32 Tips for Reducing Food Waste Every Day
With 1.3 billion tons of food wasted every year, it's time to do something.
Photo credit: Flickr/USDA
Food waste is a major issue around the world. Every year, 40 percent of food in the US is not eaten. The EU wastes 100 million tons. Globally, 1.3 billion tons of food is wasted. This is a problem for several reasons. About 795 million people, or roughly 11 percent, of the world's population is considered food insecure. Additionally, wasted food means that all the resources that go into creating that food are also wasted. Those resources, like fuel for shipping and water for growing crops, contribute to climate change.
The good news is, there's a lot that can be done to decrease the amount of food that is lost. Just last month, the EU committed to decrease its food waste by half. France passed a law banning supermarkets from throwing away food and Italy passed a similar law. While the US doesn't have similar laws yet, there are several on the books that encourage food donation .
While laws are definitely needed to help solve this problem, there's also a lot you can do in your every day life to help reduce overall food waste. While it might not seem like one person's actions can make a dent, that's not true. By setting a good example, you can inspire others to reduce food waste in their lives, too!
Here are 32 easy and practical ways you can help reduce food waste.
1/ Make a List
Each week, plan out what you’ll make for your meals, create a shopping list, and stick to it. Going into the store with game plan will prevent you from buying too much food. Even better, you won’t have to stare blankly into your fridge every night and decide what to make.
2/ Plan Ahead
Think about the week ahead, and what events and obligations you have. If you have plans Tuesday and Thursday, plan accordingly.
Photo credit: Flickr/USDA
3/ Multi-Purpose Ingredients
Plan your meals around how ingredients in meals can work together. If you want to make something with blue cheese one night, make sure another recipe that week also calls for it, so you don’t end up with half a container of it on your hands when Friday rolls around.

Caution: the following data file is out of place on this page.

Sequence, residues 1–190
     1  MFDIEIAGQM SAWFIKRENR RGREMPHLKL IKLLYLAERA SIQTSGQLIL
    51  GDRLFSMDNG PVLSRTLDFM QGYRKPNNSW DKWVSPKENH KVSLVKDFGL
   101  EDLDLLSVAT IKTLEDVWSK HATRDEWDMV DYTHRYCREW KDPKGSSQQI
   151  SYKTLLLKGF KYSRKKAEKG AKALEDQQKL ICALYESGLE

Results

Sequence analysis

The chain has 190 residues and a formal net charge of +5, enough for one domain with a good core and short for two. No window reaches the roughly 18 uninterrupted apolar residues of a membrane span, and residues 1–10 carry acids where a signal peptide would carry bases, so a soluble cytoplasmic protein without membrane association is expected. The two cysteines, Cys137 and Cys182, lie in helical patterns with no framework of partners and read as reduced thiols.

Read More: 11 Myths About Malnutrition
4/ Go Digital
There are some apps you can use for meal-planning, but old-fashioned pencil and paper work just as well.
5/ Odds and Ends Dinner
Leave one meal a week unplanned — inevitably you’ll have an assortment of ingredients left over. It’s a fun challenge to figure out how to make a meal out of your odds and ends.
6/ Meal-Planning Bonus
7/ Review Your Fridge Before Shopping
Before you go to the store, take a quick look to see what you already have. Even if you’re planning, you might have forgotten about that green pepper in the crisper.
Photo credit: Flickr/USDA
8/ Buy Exactly What You Need
Look at the quantity of ingredients you’ll need, and buy that exact amount whenever possible. If you don’t need an an entire head of romain, hit the salad bar and get the right amount. Even if there are specials on buying a certain number of vegetables for a certain price, often if you just buy the amount you need, you’ll still get the deal.
9/ Don’t Go to the Store Hungry
Make sure you’re not starving before hitting the Piggly Wiggly. Shopping while hungry can lead to impulse buying, which ends up leaving you with more food than you need.
10/ Buy Misshapen Fruits and Vegetables
Just because something looks a little funny doesn’t mean it’s still not good. Even if it has a nick or a spot you don’t like, you can just cut it out later. Buying these foods saves them from being chucked at the end of the day. It also sends a message to grocery store clerks that these foods will be sold if they stock them.
11/ Organize Your Fridge
Take stock of what you have in your fridge, and arrange it by its sell-by date. This method is called Fi-Fo (first in, first out), and chefs around the world organize their fridges the exact same way. This way when you grab a yogurt, you’ll be sure to eat the oldest one first. Reviewing the contents of your fridge periodically will also help you remember what you need to use up the soonest.
12/ Keep a Well-Stocked Pantry
Having a variety of beans, jarred vegetables like artichokes, sauces, and grains will make it easier to put left-over ingredients to use at the end of the week. You can also pull together a meal entirely from pantry items if necessary, and skip the take-out!
13/ Expiration Dates
Speaking of expiration dates, use common sense. Expiration dates aren’t federally regulated, so it’s really just a guideline. If a yogurt’s expiration date was the day before, and it looks and smells fine, eat it, don’t chuck it.
Photo credit: Flickr/USDA
Read More: 7 Myths About GMO Foods
14/ Fridge Temperature
Make sure your fridge is set to the right temperature for the food that’s inside it. A too-cold fridge can cause some foods, like milk, greens, and cooked meat, to go bad more quickly.
15/ Pack Your Lunch
Getting into the habit of taking your lunch to school or work will help you make the most of your leftovers. You can even plan your meals around which foods will carry well to work the next day. You’ll save money by not buying lunch every day, and all your delicious leftovers will be put to good use.
16/ Get a Doggie Bag